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harming the rain forest. and celebrating the singer/songwriter who also starred in a classic nbc sitcom. this is nbc "nightly news" with lester holt. good evening we got one of those government reports today that tells you, it's not just you. things are getting more expensive inflation hitting consumers hard, smack in the middle of a holiday buying season. consumer prices rose in november compared to a year ago by almost 7%. that's the highest annual inflation jump since june of 1982 gasoline led the way, up 58% but virtually everything was up from cars to food, electricity and housing. the trend is forcing some pretty tough conversations in many american households about making ends meet president biden offering vague reassurances that things will right themselves soon. it is where we start tonight with chief white house correspondent kristen welker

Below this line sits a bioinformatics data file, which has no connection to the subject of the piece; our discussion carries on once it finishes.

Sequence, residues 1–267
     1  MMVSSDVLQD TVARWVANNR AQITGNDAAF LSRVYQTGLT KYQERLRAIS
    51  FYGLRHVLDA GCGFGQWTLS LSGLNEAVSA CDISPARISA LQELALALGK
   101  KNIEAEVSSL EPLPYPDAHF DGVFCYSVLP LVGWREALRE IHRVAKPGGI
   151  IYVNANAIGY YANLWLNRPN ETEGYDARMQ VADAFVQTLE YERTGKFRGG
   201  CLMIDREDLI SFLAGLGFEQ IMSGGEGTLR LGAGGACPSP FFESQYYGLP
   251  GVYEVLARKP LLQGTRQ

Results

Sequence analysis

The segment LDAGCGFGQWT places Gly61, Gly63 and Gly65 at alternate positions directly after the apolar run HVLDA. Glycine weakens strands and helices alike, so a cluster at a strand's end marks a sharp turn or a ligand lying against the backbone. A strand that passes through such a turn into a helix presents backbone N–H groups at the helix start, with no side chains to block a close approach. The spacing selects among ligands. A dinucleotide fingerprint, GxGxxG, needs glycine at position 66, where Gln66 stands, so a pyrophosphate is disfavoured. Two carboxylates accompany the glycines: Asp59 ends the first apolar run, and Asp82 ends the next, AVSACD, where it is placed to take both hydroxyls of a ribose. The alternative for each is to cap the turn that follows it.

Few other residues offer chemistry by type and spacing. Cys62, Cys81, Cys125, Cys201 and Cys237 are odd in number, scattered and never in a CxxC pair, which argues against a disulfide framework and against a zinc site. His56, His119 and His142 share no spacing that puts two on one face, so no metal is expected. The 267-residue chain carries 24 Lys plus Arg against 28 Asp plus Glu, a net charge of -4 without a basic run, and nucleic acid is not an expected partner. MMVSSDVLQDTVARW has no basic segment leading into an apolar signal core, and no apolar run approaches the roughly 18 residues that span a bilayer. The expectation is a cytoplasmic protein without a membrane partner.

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>> reporter: tonight americans already slammed by soaring prices now getting hit even harder. new numbers showing inflation surging to its fastest pace in 30 years. up 6.8%, up from a year ago >> i feel like there is never enough money. >> reporter: telling us she's struggling to pay higher rent. plus $150 more a month for groceries, buy winter clothes for her kids and now they need a new car. what's the toughest part for you about dealing with these increased prices every day? >> i think it's telling my kids that they can't do things that they want to do. >> reporter: prices rising across the board, including gas prices up 58% over last year. fuel oil up 59%. beef up 21%. and used cars up 31% all of it during the holidays dion king says his family has cut out restaurants and vacations and will celebrate christmas without gifts this year because they cannot afford them.